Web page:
June 1st, 2009, 02:14 AM, Air France 447 crashed into the Atlantic Ocean after failing to recover from a stall in a thunderstorm, killing all onboard, 228 passengers and crew members. Above are the recovery site of the flight, A330 aircraft manufactured by Airbus.
What Caused The Crash?
After studying this accident, I saw many places for improvements that were causing human error, in this case for the pilots. One of the problems was simply a lack of proper training for extraordinary flight situations. Besides that, I narrowed down the 2 root causes of this engineering-centric design flaw of the A330 primary flight display.
But first, the pitot (pee-toh) tube.
The pitot tube measures an aircraft's airspeed using the pressure created inside the tube by capturing air stream from the direction that the airplane is flying in. A330 by Airbus used these to calculate the airspeed, which was then used to yield all the other data that the pilots needed to maintain a steady flight.
In the case of AF447, the pitot tubes froze due to the supercooled water
vapors in the atmosphere while the cabin inside a thunderstorm.
1. Excessive automation & un-prompting alarms
On the left above is a flight deck of an older airplane model and on the right, that of Airbus A330 (2009). It is obvious that the analog gauges and switches have been removed. The flight display of A330 is far clean and less busy, looking like it would overall help the pilots more especially with the real-time digital displays. However, it's been oversimplified and over-automated.
When the pitot tube froze and failed to update the airspeed, all computation that required airspeed failed and started throwing errors. The problem was, all the alarms were going off simultaneously and they were not informative on which problem to prioritize. Panic was inevitable, causing the pilots to perform poorly.
2. Lack of visual and tactical feedback
One of the most common safety procedures flying through a thunderstorm is to lower the thrust, which slows down the airplane, and angle up the nose, which grants the vehicle steady altitude despite the lower speed.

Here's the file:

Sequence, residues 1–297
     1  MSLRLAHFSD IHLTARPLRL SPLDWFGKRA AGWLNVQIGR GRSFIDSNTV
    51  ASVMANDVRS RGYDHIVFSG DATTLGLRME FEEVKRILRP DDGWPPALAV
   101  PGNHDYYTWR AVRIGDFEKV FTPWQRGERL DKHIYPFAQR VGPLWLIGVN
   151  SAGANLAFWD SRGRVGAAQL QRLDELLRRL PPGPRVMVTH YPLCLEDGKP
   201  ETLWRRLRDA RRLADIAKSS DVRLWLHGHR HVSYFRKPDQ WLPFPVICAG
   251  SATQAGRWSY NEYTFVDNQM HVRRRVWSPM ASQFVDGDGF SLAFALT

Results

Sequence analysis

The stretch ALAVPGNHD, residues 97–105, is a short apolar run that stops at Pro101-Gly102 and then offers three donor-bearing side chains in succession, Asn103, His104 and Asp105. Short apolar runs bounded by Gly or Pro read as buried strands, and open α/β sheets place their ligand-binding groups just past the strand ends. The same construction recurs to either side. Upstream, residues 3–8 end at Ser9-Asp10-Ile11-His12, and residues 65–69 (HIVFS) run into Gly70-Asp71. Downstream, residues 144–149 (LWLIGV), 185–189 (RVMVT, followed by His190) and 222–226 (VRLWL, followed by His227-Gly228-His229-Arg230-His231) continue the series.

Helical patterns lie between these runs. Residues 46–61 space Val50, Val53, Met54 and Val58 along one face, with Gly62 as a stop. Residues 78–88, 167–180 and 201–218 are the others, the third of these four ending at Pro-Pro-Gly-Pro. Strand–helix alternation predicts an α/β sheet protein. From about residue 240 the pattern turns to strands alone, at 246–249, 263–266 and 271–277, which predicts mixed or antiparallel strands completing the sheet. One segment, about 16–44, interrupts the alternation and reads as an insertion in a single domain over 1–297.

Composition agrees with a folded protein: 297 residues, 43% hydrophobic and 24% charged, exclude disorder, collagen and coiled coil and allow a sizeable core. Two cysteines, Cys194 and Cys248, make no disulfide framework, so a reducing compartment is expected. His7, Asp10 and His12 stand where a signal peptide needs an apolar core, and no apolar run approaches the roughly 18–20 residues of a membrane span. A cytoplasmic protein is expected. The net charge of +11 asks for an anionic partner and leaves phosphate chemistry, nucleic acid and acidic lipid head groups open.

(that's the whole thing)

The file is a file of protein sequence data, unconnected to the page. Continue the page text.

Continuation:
A330 was lacking the tactical feedback from the controller. An analog yoke would try to regain original position, requiring the pilots to put in strength, this lack of feedback with the busy alarms caused the pilots to forget that they've lowered the thrust so the speed never recovered.
Along with this, there were no way to tell the airplane's position status, the pitch, roll, and yaw in the pitch black night sky. This caused the pilots to forget that they angled the nose up, so the airplane was fast approaching a stall.
An airplane can fly by gaining lift from the airflow around the wings as shown on the left above. However, when the angle of attack (angle between the wing and the airstream) is too high, the airflow disrupts and causes the lift to drop, and so the airplane. This drop is what's called a 'stall.'
If the altitude of the airplane is high enough, it can actually dive nose-first to regain speed and pull back up to restore cruise, however, the pilots weren't trained properly for the situation leading up to that point, and it was too late when they realized.
After analyzing the problems and design errors in the AF447 accident, I made sketches of a revised primary flight display that address those problems. This worked as a guideline for the higher fidelity solution.
Couple of the most important features to point out is the altitude diagram (5) that will later record the airplanes position and orientation from an outside view, and the lever diagram (2) that will provide visual feedback for the lever status.
I wanted to direct this project to a goal-oriented system design, where the pilots solve tasks to move on to the next goal and eventually restore cruise. This would alleviate the lack of order and provide priority and hierarchy for quick prompted reactions and waste no time in such time-sensitive scenarios.
The dial on the top right enables goal-oriented flight. When the pilot changes the dial to a different flight mode, series of actions will be prompted in order to adapt the flight to the according situation.
When actions are prompted, the according display section will have arrows, targets, or some type of signifiers for the 'goals'. Once the pilots meet those goals via manual control, safe flight is assured.
To avoid my design results being ambiguous and purposeless, I designed around the AF447 scenario. The accident was in one of the most unusual and extreme circumstances, and I thought designing for the worst case will be the solution in reach for all cases.